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AUSTRALIAN ROSE BREEDERS' ASSOCIATION

ROOT GRAFTING

 

By Dao Mai, Sydney, NSW, http://roseexchange.biz/roseexchange

 

Root grafting is a rose propagation method used extensively by Dutch growers to propagate roses for hot house production of cut flowers. Perhaps it is not used a lot for production of garden roses because it seems to take a little longer to produce a big plant suitable for sale. The philosophy of this method is to strike way between producing an own-root rose by rooting a rose stem directly and a grafted rose where an understock is used. Eventually the rose will become an own-root rose but it has the advantage of being a grafted rose in the first few weeks or months of its life. And this also overcomes the fact that some roses are very difficult to root. The root graft helps the plant to survive until it naturally grows its own roots from the rose cutting at the top part.

The picture below show a successful root graft baby rose. Note that white callus that formed and connected the root segment and the rose stem.

 

Advantage of root-grafted roses

1.  You only use a 1 node or 2 nodes rose stem. This is a saving on disease-free rose materials

2.  The technique creates a new plant rapidly because the root segment will automatically grow feeder roots in 3 days, and the rose part will produce callus to form the union within 1-2 weeks.

3.  This technique overcomes the fact that some roses are very hard to root. So it allows the new plant to start a new life as a grafted rose.

4.  The mature root segment stores much needed reserve energy to help the rose

part to grow quickly

The only disadvantage of this method is the size of the plant. It cannot be big to start with because the union is unstable. The root segment will probably break away in the future months after the rose part grows its own roots and turns into a completely own-root rose. For this reason it will take longer for it to become a mature rose. And that’s probably the reason why they are best for low wind growing environment inside a hot house for cut flower production. However this would change after 2 years when they are big enough to survive strong wind.

The method cleverly solves the most difficult problem which is the rooting of all kinds of roses in the same environment (low strike rate). This is achieved by using a very simple operation to graft the root segment and the rose cutting.

Root grafting procedure

The procedure is similar to the softwood rooting procedure, and misting is required to get the highest success rate. Softwood cuttings are used at all times.

The slow way is to do it in cool autumn weather with a misting system. There is not enough leaves to create enough sap flow for the root and the rose cutting to unite quickly. This is why we need some morning Sun light and misting to counter the drying effect of the Sun.

1.  Prepare a rooting medium with 80% sand and 20% peat to help retaining moisture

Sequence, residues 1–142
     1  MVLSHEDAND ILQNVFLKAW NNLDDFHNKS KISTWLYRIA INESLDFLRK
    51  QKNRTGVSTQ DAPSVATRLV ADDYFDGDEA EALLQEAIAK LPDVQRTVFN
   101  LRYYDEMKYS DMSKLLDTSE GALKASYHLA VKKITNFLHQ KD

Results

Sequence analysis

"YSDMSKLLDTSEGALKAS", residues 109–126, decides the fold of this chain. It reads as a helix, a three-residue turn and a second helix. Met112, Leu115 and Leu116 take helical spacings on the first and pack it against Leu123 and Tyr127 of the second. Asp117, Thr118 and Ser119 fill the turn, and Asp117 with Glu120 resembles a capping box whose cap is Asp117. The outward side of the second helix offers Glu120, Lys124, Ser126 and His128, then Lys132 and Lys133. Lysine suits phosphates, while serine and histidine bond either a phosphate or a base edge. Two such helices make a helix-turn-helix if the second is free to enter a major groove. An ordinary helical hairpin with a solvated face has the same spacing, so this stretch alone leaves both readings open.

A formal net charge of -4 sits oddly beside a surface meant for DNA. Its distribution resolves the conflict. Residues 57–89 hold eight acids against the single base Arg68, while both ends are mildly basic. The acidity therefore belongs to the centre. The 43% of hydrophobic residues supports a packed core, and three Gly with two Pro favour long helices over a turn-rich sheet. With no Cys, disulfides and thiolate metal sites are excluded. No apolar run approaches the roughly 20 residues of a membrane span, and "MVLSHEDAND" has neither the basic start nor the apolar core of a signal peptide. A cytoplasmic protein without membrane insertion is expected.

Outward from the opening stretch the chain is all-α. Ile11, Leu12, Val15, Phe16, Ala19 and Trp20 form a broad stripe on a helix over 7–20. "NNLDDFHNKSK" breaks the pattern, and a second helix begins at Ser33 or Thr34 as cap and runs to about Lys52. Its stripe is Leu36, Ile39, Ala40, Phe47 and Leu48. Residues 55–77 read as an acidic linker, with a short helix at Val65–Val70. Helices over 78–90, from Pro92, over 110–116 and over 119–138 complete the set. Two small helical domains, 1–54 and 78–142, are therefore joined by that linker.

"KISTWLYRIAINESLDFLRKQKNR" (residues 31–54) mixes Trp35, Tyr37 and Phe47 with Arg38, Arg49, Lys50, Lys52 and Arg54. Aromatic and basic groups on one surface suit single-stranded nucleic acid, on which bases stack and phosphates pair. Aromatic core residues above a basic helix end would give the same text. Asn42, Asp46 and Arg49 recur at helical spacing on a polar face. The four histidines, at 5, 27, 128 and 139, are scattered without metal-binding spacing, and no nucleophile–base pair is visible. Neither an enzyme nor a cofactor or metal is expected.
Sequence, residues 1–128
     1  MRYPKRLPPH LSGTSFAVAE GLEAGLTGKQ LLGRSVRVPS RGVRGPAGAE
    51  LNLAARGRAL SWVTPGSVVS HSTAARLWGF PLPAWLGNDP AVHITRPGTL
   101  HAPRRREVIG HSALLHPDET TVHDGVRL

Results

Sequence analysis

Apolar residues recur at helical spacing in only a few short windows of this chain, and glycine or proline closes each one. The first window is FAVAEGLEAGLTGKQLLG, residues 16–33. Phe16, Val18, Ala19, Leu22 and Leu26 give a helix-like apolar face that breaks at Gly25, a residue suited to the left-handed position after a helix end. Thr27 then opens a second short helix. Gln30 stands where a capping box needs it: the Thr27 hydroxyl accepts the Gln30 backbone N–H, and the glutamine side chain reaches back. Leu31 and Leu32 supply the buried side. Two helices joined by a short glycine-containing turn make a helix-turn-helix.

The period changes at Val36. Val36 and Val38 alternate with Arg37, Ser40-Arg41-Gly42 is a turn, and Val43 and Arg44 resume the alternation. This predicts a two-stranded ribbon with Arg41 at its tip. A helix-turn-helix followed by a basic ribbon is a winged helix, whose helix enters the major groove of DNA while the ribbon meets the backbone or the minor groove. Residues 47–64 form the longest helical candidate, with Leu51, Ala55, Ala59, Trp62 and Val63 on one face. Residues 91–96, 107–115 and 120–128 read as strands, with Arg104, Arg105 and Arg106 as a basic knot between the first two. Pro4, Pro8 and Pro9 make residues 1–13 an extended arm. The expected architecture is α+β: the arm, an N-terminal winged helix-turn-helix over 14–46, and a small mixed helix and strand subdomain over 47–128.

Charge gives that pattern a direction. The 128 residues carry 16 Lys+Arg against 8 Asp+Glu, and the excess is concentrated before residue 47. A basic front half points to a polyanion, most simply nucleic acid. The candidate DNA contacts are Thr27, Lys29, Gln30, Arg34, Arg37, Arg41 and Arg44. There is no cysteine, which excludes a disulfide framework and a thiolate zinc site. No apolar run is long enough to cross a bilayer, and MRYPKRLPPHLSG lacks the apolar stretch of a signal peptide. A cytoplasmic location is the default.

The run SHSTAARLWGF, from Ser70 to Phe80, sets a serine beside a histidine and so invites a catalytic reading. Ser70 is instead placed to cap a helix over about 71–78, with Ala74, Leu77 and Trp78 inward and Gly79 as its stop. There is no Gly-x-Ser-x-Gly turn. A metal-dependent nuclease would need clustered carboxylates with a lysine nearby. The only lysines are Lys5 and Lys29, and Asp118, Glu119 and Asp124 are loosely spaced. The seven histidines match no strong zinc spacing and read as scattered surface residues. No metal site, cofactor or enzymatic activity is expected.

2.  Harvest disease free softwood rose cuttings, small in diameter and with completely healthy leaves. Keep only 1-2 leaf set(s) and trim it back down to about 4 leaves on each leaf set.

3.  Harvest roots from any rose type, but roots from a rootstock is the best. Cut the roots into 3cm segments.

4.  Grafting: simply slant-cut (with a razor sharp knife) the base of the rose cutting and the top of each root segment. (a) Make sure you know which end of the root segment is supposed to be the top end (closer to the trunk of the original plant). This top end must be grafted to the rose cutting. (b) The slant cut must be in the same direction of the stalk of a leaf set. This is important for the cut to get as much sap flow from the leaves as possible. (c) Also make sure the diameter of the rose stem and the root segment are as close as possible.

5.  Bind the two using a cotton yarn for best result (cotton yarn will rot naturally in the soil after a couple of months). Using a strong cloth peg is a possibility but it’s unreliable.

6.  Use a pencil to dip a hole in a medium about 5cm deep, lower the root-grafted rose into the hole and firm up the sand.

7.  Protect the location by using chicken-wire net and clear plastic sheet making a high fence surrounding the rooting bed (create a windshield).

8.  Frequent misting is required to keep them fresh.

 

The root-grafted is expected to grow roots and form callus within 2 weeks. They will grow feeder roots and new leaves very quickly. Therefore they need to be repotted after 4-5 weeks. Alternatively the growing medium can have 2 layers of soil mix. The lower layer is rich soil with plenty of nutrients. The top layer is about 8cm thick. The root-grafted rose stay well above the bottom layer. Eventually the roots will go down to the bottom layer to feed.

I can foresee that the cut can be improved if you have the right tool. The cut must be sweet for the union to happen quickly. A crinkle cut using very sharp tool will help the root and rose segments to bite into each other and make the graft much more stable. Finding a tool that can do this is a difficult matter. The common kitchen potato/carrot cutting tool set does not have razor sharpness to cut rose roots and stems sweetly. This could be a good exercise for a handy toolmaker.

 

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2010 The Australian Rose Breeders' Association, created by Paul Hains
 
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